Sunday, May 4, 2008


Karen Harrington is the author of Janeology, a psychological thriller about the causes and effects of nature and nurture on one woman.

She applied the Page 69 Test to this work and reported the following:
Page 69 is page one of the chapter showing Jane as a nine-year-old long before she goes on to commit the crimes that will put her in a mental hospital, causing one to wonder: is this the turning point where her life pivoted for worse? My answer: yes.

This chapter was originally a short story, written in my quest to be a voyeur to the day in the life of a criminal. The question was: Are bad people born or made?

Here, Jane has recently been abandoned by her mother after a botched shoplifting attempt where her mother left her to take the rap. Her mother sped away and later died. Now, sitting in a holding cell, Jane overhears the officers.

Texas – 1976

The blue Buick had come to a stop five miles from the Texas-Mexico border. There were two survivors, both sitting in the front. Apparently they had picked up a hitchhiker. That was the one in the backseat, the one they said hurt my mother. The others didn’t have to go to the hospital. Not a scratch.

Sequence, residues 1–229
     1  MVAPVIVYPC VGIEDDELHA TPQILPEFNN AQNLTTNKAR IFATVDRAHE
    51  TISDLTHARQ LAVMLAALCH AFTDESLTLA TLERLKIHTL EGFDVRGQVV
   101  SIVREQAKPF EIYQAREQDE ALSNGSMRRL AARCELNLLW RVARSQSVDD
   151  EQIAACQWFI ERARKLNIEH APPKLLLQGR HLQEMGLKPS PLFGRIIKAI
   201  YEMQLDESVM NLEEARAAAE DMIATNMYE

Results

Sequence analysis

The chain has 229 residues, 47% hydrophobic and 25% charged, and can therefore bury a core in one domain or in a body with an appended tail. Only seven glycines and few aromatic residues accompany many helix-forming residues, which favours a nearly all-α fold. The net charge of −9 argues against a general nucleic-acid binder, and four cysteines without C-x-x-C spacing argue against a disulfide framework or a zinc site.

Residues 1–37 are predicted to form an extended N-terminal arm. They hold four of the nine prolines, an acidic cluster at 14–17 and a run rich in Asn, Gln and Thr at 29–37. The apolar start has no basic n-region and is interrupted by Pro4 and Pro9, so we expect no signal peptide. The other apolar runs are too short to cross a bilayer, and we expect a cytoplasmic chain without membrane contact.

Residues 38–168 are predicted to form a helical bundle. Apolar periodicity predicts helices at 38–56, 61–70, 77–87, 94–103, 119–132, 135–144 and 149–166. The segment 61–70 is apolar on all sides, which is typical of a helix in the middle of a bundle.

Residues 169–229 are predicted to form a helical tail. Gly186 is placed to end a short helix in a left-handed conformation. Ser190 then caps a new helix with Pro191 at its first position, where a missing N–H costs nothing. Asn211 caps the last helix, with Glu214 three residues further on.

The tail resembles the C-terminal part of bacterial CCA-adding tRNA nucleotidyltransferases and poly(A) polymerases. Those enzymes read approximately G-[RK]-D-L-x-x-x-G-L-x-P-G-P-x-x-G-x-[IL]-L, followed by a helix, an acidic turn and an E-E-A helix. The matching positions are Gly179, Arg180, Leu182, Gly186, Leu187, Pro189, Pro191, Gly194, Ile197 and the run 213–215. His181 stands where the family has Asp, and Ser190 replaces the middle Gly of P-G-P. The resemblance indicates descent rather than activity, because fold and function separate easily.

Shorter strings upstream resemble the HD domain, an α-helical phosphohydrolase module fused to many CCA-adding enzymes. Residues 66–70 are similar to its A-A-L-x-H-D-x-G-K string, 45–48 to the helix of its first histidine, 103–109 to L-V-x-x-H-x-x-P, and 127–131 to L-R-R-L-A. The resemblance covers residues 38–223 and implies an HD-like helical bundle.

I sit in a jail room and try to overhear more while the lady cop makes phone calls. The other officers drink coffee and talk about me. I guess they think I can’t hear them, but I can.

“The kid must be upset,” I hear one of them say. “We’re waiting for her father to come and get her. A Samuel Downing of Del Rio. He didn’t sound too happy about having to get her.”

I hear another officer say that some of the blue vinyl had stuck to the dead man’s face and peeled off when they got him out.

“He was done for, plain and simple,” someone said. “An eye for an eye and all that jazz. Justice on earth or on a piece of toast.”

I wish I had a piece of paper to write down what he said. I want to remember “justice on a piece of toast.”

Jane continues to relate her life to the lady cop throughout this chapter. As she describes her life with her mother, relating things she’s too young to know, she reveals herself as both child-like and worldly at once, a trait she will carry forever. By the end of the chapter, her primary concern is not that of her own well-being, but of what has become of her cat, Gene, and who will feed him if she doesn’t go home right away. And one can understand why. You really want to get that cat for her! You wonder if it would have made a difference in her ability to parent her own children later on. Of course, only Jane could answer that truthfully. I know I’d like to ask her.
Read an excerpt of Janeology and read more about this author at her website or visit her blog.

Visit the complete list of books in the Page 69 Test Series.

--Marshal Zeringue